Thursday, 10 April 2008
The Naked Kiss (1964)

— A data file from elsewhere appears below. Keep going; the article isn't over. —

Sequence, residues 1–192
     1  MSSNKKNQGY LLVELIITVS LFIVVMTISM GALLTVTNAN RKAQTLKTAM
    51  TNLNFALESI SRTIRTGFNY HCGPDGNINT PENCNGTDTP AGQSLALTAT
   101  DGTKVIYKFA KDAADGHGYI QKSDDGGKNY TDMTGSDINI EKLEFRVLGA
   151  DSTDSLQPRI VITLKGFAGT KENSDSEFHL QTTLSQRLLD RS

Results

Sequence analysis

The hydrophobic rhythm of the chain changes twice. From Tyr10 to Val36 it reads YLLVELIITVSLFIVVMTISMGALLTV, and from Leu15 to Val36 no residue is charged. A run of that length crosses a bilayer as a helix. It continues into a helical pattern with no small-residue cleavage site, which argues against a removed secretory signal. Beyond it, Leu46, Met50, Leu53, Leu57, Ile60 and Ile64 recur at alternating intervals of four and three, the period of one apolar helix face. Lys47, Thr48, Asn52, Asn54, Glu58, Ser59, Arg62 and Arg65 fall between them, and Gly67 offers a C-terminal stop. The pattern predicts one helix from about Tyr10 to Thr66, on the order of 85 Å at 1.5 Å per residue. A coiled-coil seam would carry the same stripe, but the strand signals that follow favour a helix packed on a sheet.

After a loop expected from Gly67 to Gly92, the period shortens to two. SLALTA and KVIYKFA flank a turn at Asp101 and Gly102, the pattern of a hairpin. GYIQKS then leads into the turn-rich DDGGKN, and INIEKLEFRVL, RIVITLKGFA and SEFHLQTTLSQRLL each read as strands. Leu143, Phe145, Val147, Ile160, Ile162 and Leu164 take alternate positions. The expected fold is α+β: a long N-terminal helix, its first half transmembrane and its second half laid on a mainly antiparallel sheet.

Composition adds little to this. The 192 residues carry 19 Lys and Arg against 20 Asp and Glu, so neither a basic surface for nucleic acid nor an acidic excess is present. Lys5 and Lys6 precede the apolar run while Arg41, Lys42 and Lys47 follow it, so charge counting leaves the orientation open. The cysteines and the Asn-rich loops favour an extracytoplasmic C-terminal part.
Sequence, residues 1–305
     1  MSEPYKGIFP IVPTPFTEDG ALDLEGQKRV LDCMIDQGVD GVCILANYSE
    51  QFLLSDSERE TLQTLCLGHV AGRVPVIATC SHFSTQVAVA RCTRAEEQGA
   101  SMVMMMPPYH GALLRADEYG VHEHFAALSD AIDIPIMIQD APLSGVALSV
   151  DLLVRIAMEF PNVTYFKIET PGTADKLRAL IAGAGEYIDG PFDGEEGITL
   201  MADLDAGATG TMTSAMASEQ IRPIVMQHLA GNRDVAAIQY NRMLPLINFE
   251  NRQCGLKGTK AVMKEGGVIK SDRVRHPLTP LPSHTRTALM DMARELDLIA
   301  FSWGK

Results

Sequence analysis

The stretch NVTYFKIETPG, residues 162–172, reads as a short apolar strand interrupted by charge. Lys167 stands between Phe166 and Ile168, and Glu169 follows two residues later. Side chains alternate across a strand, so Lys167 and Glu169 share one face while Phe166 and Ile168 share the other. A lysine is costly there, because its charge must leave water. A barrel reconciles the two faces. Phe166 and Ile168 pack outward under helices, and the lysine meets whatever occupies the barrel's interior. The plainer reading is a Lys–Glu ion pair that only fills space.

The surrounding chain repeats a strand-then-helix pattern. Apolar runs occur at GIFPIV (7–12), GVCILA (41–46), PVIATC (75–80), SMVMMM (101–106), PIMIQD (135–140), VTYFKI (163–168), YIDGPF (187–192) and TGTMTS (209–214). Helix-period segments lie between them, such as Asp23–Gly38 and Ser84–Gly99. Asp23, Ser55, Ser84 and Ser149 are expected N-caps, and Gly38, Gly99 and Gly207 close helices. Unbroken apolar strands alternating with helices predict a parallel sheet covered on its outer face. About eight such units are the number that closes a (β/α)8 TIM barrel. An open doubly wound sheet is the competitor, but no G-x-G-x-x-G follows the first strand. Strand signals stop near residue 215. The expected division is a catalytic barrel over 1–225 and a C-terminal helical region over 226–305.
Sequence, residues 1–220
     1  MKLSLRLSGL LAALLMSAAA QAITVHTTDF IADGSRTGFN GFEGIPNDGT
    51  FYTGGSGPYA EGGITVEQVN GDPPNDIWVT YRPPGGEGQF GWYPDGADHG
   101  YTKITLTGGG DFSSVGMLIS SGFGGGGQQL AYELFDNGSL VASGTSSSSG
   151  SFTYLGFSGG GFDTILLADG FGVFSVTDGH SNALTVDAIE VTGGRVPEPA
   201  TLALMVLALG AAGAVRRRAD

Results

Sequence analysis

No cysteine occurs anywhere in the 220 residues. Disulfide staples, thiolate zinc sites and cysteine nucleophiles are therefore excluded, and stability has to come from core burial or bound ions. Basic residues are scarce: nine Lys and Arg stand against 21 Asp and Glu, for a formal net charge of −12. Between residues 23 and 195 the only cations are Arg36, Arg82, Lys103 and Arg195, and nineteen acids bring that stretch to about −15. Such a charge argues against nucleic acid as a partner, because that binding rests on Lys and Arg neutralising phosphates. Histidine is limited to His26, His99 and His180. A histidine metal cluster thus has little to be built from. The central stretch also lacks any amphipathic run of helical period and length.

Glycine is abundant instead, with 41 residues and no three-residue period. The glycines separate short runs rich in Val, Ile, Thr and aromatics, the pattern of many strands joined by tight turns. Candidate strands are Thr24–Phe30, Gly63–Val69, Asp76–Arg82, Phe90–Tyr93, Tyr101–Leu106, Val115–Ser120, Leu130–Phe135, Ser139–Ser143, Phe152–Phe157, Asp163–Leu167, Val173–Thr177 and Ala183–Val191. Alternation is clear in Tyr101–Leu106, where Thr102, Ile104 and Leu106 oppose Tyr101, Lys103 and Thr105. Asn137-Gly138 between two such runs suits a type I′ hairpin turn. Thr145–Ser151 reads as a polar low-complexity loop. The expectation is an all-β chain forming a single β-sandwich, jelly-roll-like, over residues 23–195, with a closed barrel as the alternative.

The Naked Kiss, written and directed by Samuel Fuller, has to be one of the oddest movies ever made, a strange disjointed mix of film noir and melodrama. The tone of the movie combines the hardboiled cynicism of Kiss Me Deadly with some of the most vomit-inducing sentimentality you’ll ever see. It’s like Mickey Spillane channelling Walt Disney, but done with a crudity and a degree of technical incompetence that would have had Ed Wood demanding to have his name taken off the credits. The plot concerns a prostitute who suddenly decides that what she really wants to do is to devote her life to helping cute little crippled kids. Then she makes an alarming discovery about her husband-to-be, the most respected citizen in the town, and her past comes back to haunt her. The acting is almost unimaginably bad. The dialogue defies belief. “A sweetheart is a bottle of wine; a wife is a wine bottle.” That’s deep Sam. And there’s more, and worse, where that came from. This has been claimed as a kind of proto-feminist film, presumably because the prostitute turns out to have a Heart of Gold (and she really loves those cute little crippled kids – she even sings to them). I’m not so sure about this movie’s politics though. I suspect a conservative and even puritan agenda, but it’s so incoherent it’s hard to tell. It gets points for attempting to deal with controversial adult subject matter back in 1964, but it’s about as a subtle as being run over by a bus. Fuller became something of a cult director during the 60s and was even for a time the darling of the French Nouvelle Vague. The Naked Kiss is certainly different, and it’s definitely untypical of Hollywood movies of its era. It just shows that being different and non-mainstream is not always a good thing! It does have considerable so-bad-it’s-good entertainment value if you’re in the right mood. You could say it’s the Valley of the Dolls of film noir. It probably helps if your brain is deranged by the ingesting of certain chemical substances. Not that I’m advocating the use of such substances, but if you’re going to watch this movie it’s probably essential if you hope to retain your sanity. Especially when you get to the song about the bluebird of happiness.